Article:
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Taiwan Election Friday, 29 September, 2000, 12:35 GMT 13:35 UK
Taiwan-US ties: A delicate balance
US-built Perry-class destroyers of Taiwanese navy
The US supplies much of Taiwan's defence needs
By Washington correspondent Richard Lister

On Wisconsin Avenue in Washington DC is an imposing modern building, home to the Taipei Economic and Cultural Representative Office.

A casual observer might mistake it for a Taiwanese embassy, which to all intents and purposes is what it is, apart from the fact that Taiwan, in the eyes of the United States, is part of China.

The relationship between the superpower and the Chinese island is an ambiguous one, and Washington prefers to keep it that way.

Economic allies

The ambiguity began on 1 January 1979 when, after having recognised the government in Taipei for three decades, Washington finally accepted that the Communists in Beijing were the sole legal authority in China, and Taiwan was part of that country.
Nixon and Mao
President Nixon's 1972 visit to China changed US relations with Taiwan
At the same time the US made clear that it would continue to have cultural, commercial, and other unofficial relations with Taiwan, as enshrined in the Taiwan Relations Act signed by President Jimmy Carter later that year.

The mutual defence pact with Taiwan was ended, but Washington has reserved the right to sell defence equipment to Taiwan, arguing that the peace and stability of the region is in the US national interest.

Certainly, Taiwan's economic progress has been in both countries' interest.

The island of some 22 million people is the world's 12th largest economy, and America's seventh-largest trading partner. In 1998 two-way trade totalled about $51bn and that's only likely to rise.

One measure of the island's importance to the US is that when computer chip production in Taiwan was disrupted by last year's earthquake, computer prices rose across America.


But the US commitment to Taiwan is not just about economics.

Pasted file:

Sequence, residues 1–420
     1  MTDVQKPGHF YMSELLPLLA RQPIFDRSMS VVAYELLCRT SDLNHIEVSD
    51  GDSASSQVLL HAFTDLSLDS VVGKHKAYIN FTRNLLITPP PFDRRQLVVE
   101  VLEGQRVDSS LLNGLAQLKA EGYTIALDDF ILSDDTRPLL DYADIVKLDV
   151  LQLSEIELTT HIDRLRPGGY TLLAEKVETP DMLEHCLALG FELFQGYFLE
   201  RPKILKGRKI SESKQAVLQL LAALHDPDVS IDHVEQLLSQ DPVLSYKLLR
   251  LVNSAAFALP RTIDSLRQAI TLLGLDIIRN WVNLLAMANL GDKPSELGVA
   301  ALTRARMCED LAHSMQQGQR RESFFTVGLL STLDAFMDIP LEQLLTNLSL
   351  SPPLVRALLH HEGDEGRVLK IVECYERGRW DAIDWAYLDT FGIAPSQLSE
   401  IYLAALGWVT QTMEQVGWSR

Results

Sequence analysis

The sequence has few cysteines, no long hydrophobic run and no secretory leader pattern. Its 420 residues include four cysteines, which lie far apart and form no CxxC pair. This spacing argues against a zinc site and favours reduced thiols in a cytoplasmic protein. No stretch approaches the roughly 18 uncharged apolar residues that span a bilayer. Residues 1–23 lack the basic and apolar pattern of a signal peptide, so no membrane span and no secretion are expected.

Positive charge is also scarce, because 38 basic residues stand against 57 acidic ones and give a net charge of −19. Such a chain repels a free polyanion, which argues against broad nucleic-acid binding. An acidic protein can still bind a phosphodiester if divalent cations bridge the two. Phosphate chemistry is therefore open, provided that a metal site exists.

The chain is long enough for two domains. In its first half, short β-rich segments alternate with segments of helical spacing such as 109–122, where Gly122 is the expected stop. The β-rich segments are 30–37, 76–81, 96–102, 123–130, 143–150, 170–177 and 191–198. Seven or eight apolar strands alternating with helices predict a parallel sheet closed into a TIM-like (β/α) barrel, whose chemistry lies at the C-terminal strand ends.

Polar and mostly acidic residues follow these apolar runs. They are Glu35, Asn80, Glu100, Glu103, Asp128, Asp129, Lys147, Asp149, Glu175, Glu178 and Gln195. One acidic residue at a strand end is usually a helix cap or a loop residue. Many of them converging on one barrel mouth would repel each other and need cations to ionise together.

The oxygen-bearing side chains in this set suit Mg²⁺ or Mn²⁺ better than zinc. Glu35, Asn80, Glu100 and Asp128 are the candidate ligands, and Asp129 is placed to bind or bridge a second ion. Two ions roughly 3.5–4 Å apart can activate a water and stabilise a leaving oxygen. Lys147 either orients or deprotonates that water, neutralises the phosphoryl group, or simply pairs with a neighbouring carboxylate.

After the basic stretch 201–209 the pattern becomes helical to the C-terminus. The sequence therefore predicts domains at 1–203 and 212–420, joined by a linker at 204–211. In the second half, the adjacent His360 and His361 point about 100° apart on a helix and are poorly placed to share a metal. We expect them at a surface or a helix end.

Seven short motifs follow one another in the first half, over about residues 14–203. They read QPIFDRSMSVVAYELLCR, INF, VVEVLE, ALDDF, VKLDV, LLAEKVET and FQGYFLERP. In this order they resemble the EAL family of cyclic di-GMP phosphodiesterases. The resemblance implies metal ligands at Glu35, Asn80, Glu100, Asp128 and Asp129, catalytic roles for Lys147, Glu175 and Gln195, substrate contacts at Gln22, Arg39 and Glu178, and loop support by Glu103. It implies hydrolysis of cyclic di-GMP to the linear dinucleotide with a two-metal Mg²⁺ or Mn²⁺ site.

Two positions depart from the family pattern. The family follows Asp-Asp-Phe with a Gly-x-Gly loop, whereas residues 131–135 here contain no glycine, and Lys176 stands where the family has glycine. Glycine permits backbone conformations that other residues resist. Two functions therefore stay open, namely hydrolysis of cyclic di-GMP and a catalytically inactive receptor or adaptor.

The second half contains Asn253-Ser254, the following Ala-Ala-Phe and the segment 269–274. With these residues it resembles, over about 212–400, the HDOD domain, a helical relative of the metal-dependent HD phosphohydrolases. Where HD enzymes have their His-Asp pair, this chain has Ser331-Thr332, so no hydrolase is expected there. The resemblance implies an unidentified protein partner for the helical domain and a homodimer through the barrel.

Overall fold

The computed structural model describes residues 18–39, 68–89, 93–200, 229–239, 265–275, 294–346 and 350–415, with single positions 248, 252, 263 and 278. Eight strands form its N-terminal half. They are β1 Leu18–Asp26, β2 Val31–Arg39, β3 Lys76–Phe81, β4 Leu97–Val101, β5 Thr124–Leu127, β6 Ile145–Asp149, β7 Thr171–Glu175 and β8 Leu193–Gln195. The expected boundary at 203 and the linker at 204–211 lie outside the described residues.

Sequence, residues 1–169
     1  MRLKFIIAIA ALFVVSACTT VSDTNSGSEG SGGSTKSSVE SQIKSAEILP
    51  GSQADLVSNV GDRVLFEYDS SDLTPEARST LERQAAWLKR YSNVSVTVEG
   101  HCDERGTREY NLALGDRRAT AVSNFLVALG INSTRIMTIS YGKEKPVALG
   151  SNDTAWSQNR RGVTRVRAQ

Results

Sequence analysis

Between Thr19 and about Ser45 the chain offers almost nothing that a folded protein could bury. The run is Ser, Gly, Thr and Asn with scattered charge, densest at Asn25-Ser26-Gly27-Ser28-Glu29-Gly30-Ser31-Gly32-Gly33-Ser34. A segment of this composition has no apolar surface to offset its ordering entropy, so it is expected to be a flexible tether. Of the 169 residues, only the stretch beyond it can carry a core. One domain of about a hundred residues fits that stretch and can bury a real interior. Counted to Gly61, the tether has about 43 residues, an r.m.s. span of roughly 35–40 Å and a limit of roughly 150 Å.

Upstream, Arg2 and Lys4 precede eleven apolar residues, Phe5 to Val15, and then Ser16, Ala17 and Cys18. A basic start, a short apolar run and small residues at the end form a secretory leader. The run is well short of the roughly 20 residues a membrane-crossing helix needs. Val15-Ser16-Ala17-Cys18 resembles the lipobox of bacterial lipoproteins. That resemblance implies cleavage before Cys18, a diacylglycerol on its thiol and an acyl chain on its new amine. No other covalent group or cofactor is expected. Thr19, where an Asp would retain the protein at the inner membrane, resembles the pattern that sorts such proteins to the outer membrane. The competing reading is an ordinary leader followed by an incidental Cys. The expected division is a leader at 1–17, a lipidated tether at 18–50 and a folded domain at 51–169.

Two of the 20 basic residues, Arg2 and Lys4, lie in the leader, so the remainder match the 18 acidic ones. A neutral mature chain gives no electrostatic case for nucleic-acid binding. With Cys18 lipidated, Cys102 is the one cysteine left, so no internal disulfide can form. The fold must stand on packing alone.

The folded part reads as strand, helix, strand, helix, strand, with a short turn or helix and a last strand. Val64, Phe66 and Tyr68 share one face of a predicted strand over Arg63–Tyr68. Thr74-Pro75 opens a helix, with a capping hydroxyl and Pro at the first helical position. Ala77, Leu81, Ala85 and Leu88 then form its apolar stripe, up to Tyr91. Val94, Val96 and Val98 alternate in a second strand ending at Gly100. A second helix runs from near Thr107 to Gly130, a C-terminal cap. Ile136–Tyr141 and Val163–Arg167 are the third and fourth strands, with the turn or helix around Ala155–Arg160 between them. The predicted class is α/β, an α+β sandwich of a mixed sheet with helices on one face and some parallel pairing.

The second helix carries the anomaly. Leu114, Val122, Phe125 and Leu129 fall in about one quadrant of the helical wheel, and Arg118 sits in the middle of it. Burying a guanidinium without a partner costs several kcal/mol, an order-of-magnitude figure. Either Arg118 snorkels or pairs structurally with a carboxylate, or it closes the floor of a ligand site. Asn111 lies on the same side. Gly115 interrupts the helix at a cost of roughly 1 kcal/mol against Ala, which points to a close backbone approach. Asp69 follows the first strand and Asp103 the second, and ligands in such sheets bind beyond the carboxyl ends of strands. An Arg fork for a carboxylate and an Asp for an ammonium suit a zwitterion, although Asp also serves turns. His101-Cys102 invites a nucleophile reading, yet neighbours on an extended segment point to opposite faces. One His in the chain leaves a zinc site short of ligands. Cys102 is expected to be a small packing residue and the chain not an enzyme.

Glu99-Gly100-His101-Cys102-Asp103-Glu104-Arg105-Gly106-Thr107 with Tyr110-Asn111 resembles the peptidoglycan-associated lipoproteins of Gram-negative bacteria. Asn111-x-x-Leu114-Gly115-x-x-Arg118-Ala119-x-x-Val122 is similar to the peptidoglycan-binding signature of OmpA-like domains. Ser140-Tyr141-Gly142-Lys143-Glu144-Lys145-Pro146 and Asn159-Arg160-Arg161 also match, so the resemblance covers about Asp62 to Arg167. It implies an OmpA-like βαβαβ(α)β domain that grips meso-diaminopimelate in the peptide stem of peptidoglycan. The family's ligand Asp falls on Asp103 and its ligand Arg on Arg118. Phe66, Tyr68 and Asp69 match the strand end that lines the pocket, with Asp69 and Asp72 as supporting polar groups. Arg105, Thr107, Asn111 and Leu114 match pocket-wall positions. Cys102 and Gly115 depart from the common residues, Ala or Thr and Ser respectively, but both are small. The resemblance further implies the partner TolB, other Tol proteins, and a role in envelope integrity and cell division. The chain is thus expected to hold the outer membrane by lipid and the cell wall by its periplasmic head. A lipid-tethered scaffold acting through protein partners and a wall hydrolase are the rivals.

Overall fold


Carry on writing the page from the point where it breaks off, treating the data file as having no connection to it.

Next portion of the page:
It is also driven by the defence of democracy, historical resistance to the spread of communism, and a desire to keep sending a message to the people on the mainland.

The US wants to show the Chinese people on the mainland that a little way offshore, their countrymen are thriving because they have shed the communist system and embraced democratic government.
Arms to Taiwan
An E-2T early warning aircraft
Equipment for F-16 and other military aircraft
Hellfire air-to-surface missiles
Knox-class destroyers
Chinook helicopters
Chaparral missiles
M-46 torpedoes
Harpoon anti-ship missiles
For all these reasons, the US has been a staunch protector of Taiwan.

When China fired missiles into the Taiwan Straits in the run-up to the island's first presidential elections in March 1996, the US sent two aircraft carrier battle-groups to the region.

It was the biggest show of US naval force in the region since the Vietnam War.

The US has also armed Taiwan so comprehensively that most analysts agree China would not be able to mount a successful invasion.

Diplomatic minefield

These arms sales are a major part of the diplomatic minefield that Washington has to navigate with Beijing.

Clinton and Chinese premier
President Clinton says the US still holds to the "one China" principle
Washington knows that relations with China are already strained over American support for the independence of Taiwan, if not for Taiwanese Independence.

To maintain relations with Beijing, the US is forced to navigate cautiously and work to prevent anyone rocking the boat.

In the aftermath of the March '96 confrontation, President Bill Clinton, re-affirmed that the US still has a "one China" policy and does not support Taiwanese independence, or Taiwanese membership of organisations that require statehood.

Hence US officials were furious in July last year, when Taiwan's then President Lee Teng-hui declared that relations with Beijing should be on a "state-to-state" basis.

Bellicose language

Taiwan's new president Chen Shui-bian can expect little support from Washington if he chooses to push the point.
The US says it will act if China uses force against Taiwan
But Washington was equally critical of bellicose language used by China earlier this year in which it stated formally for the first time, that China would use force against Taiwan if it delayed re-unification talks indefinitely.

Some China-watchers dismissed such talk as mere bluster aimed at Taiwan's voters as they prepared to choose a new president - better a rhetorical salvo, they said, than more missiles.

But the Clinton administration took the threat seriously. White House spokesman Joe Lockhart indicated the US would be prepared to act again if Beijing stepped up its military threat.

Ready for war?

So the big question is whether the US would actually be prepared to go to war with China over Taiwan.

The US points to its military build-up in the region four years ago as proof of its commitment.

But deploying battleships, and actually firing on China are very different things, and President Clinton has gone to great lengths to improve relations with Beijing which he would not throw away lightly.

See also:

24 Feb 00 | Asia-Pacific
20 Jul 99 | Asia-Pacific
22 Feb 00 | Asia-Pacific
21 Jul 99 | Asia-Pacific
22 Jul 99 | Asia-Pacific
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